In conclusion, here are some points to remember to avoid info-dumping:

Keep things in your character’s POV at all times. Read your sentences back and if they are basic declarative sentences with no POV insight from your character then rewrite.

You can ‘show’ and not ‘tell’ by letting dialogue and your POV character’s reaction set the scene and not inject yourself (the author) into the scene as a third-person narrator.

Make sure your scenes will get your readers asking WHY. This will make them want to know what happens next, which is how you hold your reader’s interest all the way to the end.

How to Avoid Info-Dumping By Asking Why pdf

Not Giving Up, Or Giving In

I had this thought when I got into my car this morning after a trip to HEB (to get a few things and come out $2 under the budget I’d set for this trip). And the reason I started with ‘sometimes’ is that I want anyone reading this to know that it’s okay to have shitty feelings even if you’ve gotten through whatever crap life decided to throw at you. I don’t ever want anyone to feel like they can’t have negative emotions at all, or that they can’t call ‘bullshit’ on the crap that life likes to throw out on a regular basis, too.

But I will say this: don’t gorge yourself on the bad emotions either, or feel like you have to have them more than the good ones. If you feel something good, don’t try and kick it out yourself or let anyone else do that to you. You can’t control anyone else’s mood so don’t let anyone else do the same to you. And don’t feel like you have to be a certain way to fit in with the crowd because the crowd is made up of imperfect people just like you even if they act like they never make a mistake, or take a shit that stinks up the bathroom on occasion.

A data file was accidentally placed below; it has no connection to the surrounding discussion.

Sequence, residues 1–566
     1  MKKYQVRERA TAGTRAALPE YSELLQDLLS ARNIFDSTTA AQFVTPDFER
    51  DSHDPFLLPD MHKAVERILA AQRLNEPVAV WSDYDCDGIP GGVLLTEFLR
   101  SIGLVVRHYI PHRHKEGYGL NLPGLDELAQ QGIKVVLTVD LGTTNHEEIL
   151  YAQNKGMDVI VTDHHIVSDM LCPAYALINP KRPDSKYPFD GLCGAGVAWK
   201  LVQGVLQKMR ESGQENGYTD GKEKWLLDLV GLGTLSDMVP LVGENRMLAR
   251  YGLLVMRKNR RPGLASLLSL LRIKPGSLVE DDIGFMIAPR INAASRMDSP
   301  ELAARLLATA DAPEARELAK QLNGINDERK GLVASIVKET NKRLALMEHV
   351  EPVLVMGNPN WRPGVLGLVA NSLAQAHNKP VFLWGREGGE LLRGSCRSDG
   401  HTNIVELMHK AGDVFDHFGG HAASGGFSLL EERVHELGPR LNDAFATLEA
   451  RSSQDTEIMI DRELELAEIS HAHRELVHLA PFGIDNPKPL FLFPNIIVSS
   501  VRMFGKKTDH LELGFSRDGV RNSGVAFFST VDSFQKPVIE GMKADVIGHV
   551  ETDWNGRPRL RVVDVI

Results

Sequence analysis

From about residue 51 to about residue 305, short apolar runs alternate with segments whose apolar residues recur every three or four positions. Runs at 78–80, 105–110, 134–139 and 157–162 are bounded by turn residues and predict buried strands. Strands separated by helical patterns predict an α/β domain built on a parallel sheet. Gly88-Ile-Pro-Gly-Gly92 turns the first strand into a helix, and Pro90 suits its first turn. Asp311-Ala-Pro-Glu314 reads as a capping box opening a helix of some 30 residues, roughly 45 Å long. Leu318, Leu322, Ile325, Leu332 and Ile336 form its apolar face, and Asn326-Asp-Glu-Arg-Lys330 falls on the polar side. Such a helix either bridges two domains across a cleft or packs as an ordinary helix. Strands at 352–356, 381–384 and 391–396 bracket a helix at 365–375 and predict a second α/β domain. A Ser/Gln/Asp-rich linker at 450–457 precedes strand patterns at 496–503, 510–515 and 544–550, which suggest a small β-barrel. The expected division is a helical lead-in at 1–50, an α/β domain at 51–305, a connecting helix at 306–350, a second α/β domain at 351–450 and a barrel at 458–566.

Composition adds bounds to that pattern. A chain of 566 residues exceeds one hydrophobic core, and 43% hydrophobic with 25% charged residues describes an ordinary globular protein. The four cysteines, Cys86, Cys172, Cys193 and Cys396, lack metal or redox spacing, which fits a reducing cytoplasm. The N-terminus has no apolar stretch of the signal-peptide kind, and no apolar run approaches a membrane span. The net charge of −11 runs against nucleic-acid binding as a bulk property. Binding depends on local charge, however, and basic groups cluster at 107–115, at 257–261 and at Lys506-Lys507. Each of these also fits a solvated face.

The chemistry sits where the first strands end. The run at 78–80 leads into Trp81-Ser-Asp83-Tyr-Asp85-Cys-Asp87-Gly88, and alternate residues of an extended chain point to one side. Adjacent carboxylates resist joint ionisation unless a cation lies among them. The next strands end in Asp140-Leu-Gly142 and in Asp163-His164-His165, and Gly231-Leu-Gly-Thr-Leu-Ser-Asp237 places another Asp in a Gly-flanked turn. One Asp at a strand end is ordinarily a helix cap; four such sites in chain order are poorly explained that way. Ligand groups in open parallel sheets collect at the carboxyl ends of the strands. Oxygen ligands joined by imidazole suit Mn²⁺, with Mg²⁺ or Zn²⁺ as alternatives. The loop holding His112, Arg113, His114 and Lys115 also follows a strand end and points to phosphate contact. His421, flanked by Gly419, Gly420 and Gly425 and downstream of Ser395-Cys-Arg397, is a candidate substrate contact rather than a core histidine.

I will say that in the last few days I’ve been very tired, hurting, and all-around pissed off at damn near everything. And I hate feeling like that even though I know it’s perfectly alright to feel that way and it means I’m human. But I don’t want to walk around feeling like that forever. So getting up today and not feeling so bad helped me and I decided to run with that instead of moping around. My life is far from perfect but it’s on a track I can change speed and direction on, too.

And changing direction and speed was the catalyst to the thought I had for today. My mind doesn’t really ever shut down except if I’m in a deep sleep. It’s a major pain in the ass sometimes to have thoughts and ideas constantly tearing about in my head along with my over-active imagination. But from time to time, a thought of clarity comes out and I really like that feeling.

So it’s okay to think and feel like shit. Just don’t give in to it, and don’t surrender to it either. That’s not an easy thing to do but then my father always used to tell me, life would never be easy for me but it’s worth living through.